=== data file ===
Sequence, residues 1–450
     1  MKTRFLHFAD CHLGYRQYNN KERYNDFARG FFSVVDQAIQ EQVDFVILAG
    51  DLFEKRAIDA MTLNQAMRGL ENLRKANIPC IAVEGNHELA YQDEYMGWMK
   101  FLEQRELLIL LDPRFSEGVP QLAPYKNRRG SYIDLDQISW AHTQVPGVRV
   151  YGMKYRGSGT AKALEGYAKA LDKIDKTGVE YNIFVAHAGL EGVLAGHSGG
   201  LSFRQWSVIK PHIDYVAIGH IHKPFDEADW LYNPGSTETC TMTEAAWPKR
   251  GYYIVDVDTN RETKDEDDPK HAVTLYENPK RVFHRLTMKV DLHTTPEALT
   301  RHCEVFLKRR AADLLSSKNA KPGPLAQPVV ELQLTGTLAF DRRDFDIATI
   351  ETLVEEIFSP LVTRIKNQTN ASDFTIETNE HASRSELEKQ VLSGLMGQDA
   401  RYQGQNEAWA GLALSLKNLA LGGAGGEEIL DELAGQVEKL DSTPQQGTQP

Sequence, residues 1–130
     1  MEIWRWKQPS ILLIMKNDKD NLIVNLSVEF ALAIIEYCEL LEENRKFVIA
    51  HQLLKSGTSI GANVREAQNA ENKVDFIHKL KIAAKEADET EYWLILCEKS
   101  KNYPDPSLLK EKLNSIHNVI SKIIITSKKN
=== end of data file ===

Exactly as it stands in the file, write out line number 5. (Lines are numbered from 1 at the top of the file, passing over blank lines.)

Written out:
   151  YGMKYRGSGT AKALEGYAKA LDKIDKTGVE YNIFVAHAGL EGVLAGHSGG